Sometimes, it’s easy to take DC for granted, especially if you’ve lived here as long as I have. But there’s no better way to get a different perspective than with camera in hand. Here’s a little walking tour, complete with a map, of some of my favorite green spaces and places in and around Columbia Heights, U Street and Dupont Circle.
Apparently, we are smack dab in the middle of beet season, as I discovered during my visit to the Dupont Circle Farmer’s Market today. Virtually every produce stand was overflowing with the gorgeous red vegetables. It was a little slice of beet heaven.
I’ve been a beet lover since my childhood salad bar days, although those canned beets don’t stand a chance next to their freshly picked cousins. Not everyone is keen on beets. Apparently Obama won’t allow beets in the White House garden. He’s missing out.
A few years ago, I finally worked up the nerve to cook fresh beets myself; in the past I had always feared staining my hands and fingers forever scarlet and had avoided beet cooking at home. Thanks to the web, I learned how to cook beets and created a pretty tasty beet, arugula and goat cheese salad–one that, dare I say, can compete with those from restaurants around town (most of which I have sampled). Enjoy.
Beet, Goat Cheese, and Arugula Salad with Nuts
3 medium sized beets, roasted, cooled and peeled
6 oz of goat cheese (fresh if possible)
1 bag of arugula
3 tablespoons of freshly squeezed lemon juice
3 tablespoons olive oil
salt and pepper to taste
slivered almonds or candied pecans for garnish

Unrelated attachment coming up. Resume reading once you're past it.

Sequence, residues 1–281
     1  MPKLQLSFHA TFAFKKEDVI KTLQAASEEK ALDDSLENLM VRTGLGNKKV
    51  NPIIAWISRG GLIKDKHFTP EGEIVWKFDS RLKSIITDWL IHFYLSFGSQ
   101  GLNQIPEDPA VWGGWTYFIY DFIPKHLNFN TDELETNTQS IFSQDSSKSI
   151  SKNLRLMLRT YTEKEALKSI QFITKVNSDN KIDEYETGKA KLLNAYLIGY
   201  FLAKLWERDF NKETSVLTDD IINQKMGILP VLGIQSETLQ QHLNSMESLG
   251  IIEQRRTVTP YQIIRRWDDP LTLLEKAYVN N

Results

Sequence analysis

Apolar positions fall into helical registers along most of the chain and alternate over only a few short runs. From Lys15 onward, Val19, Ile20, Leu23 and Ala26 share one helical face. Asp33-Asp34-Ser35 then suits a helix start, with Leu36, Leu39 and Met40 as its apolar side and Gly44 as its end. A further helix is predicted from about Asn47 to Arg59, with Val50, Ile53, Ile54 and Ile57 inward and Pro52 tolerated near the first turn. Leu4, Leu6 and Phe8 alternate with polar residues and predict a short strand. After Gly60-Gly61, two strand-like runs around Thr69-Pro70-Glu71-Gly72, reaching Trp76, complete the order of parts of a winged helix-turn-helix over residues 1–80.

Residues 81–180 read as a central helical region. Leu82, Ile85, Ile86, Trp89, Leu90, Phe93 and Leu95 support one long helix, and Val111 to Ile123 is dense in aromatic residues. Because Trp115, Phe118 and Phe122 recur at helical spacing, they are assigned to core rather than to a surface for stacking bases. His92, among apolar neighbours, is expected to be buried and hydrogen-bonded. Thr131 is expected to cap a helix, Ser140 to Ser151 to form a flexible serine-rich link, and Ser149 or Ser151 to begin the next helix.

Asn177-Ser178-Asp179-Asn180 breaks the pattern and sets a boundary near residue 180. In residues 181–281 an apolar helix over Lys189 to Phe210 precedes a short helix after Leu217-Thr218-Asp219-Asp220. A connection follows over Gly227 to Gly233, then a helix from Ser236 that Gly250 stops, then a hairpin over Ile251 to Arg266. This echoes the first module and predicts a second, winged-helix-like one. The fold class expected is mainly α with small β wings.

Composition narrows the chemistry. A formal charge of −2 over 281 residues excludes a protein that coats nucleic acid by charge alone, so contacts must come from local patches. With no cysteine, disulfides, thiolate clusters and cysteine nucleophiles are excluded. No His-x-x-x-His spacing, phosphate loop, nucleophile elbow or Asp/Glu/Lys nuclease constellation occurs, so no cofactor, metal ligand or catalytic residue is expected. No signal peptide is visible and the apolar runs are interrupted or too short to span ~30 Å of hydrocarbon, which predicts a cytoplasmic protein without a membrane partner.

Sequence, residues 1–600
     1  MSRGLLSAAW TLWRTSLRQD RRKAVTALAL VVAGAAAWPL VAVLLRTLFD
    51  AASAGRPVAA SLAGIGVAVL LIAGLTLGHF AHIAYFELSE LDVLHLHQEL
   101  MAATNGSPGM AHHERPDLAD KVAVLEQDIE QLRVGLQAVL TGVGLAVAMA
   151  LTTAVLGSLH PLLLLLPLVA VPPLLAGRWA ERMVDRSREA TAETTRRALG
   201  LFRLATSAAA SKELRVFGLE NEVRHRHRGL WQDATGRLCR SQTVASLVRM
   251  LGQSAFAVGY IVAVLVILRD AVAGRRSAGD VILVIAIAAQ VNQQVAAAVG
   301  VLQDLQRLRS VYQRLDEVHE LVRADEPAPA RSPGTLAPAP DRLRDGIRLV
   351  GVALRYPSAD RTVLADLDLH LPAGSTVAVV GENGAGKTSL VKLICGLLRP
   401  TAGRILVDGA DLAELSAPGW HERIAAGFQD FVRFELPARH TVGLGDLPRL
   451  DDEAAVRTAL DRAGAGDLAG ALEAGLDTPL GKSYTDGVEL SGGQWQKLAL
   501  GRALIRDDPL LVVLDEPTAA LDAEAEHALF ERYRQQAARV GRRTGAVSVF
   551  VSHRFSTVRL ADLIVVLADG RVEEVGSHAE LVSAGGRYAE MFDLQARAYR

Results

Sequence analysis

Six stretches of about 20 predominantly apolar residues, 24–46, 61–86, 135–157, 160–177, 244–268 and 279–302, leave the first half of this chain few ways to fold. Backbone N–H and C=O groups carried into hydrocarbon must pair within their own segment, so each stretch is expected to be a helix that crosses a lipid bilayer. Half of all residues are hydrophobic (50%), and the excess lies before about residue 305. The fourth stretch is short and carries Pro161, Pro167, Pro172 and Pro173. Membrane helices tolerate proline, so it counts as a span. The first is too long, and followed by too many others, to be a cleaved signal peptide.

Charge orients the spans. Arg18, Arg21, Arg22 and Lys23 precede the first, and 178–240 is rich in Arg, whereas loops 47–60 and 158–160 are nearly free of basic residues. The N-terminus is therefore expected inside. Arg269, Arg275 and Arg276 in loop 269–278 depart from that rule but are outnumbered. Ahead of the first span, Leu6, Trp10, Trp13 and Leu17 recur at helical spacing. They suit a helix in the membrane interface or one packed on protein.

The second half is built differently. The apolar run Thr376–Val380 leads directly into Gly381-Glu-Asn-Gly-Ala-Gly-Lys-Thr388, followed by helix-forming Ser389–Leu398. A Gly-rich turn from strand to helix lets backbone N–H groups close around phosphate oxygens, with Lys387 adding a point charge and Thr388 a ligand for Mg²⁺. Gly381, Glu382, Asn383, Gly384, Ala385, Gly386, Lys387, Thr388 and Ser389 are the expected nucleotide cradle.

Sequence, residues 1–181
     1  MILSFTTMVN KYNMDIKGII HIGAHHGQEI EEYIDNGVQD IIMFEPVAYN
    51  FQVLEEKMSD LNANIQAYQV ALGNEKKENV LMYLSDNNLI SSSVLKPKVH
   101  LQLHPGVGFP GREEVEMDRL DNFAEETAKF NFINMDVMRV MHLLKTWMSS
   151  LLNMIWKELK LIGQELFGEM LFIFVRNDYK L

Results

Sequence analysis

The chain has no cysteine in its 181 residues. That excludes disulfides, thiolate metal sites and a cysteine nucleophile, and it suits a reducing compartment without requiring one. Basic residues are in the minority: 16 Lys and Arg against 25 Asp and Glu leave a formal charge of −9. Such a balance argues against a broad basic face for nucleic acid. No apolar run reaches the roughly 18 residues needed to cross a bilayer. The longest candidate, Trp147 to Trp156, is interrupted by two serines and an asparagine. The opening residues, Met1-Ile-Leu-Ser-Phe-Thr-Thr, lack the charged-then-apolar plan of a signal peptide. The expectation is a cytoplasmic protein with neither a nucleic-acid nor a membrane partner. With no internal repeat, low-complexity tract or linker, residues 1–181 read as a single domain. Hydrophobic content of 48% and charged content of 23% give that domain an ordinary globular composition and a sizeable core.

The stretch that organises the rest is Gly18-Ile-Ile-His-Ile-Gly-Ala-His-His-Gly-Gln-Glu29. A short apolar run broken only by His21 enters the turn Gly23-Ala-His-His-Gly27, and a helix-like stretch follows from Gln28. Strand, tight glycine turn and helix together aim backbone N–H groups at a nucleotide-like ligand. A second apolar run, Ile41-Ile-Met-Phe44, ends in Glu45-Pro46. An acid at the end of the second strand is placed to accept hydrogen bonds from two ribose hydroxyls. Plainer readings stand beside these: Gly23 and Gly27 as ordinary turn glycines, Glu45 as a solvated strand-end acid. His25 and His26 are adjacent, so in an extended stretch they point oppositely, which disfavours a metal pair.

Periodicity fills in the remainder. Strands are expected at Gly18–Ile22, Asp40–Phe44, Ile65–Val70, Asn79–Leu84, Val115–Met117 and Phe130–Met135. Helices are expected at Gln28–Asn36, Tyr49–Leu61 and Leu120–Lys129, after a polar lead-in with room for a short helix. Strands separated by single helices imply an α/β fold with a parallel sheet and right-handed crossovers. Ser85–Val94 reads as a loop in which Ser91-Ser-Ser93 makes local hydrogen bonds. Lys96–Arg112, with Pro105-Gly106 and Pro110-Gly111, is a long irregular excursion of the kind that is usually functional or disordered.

Cut the beets into quarters or slices, arrange over arugula, toss in the goat cheese, and garnish with slivered almonds. Whisk together olive oil, lemon juice, salt and pepper and drizzle over salad. Season with salt and pepper to taste. Serves about 3.
City dwellers who want to experience “farm to table” up close and personal should head to Common Good City Farm, a green oasis in LeDroit Park that supplies freshly picked fruits and veggies to DC’s low-income residents*.
Volunteers are needed to work on the farm and help with weeding, planting seeds, painting, and building. Before you can get your hands dirty, you’ll have to attend a 45-minute volunteer training session, which takes place at the farm on the first Saturday of each month at 9:30am. Plants, produce and herbs from the farm are sold at the Bloomingdale Farmers Market (1st and R Street, NW) from 10am – 2pm on Sundays.
In addition to being an urban farm, CGCF is also an education center offering workshops on everything from from composting and pickling veggies to how to cook a healthy meal for the whole family for less than $5.
*Since January 2007, CGCF has provided more than 150 bags of fresh produce to low-income DC families, taught more than 200 DC residents in workshops, engaged more than 250 DC school children, and hosted more than 400 volunteers.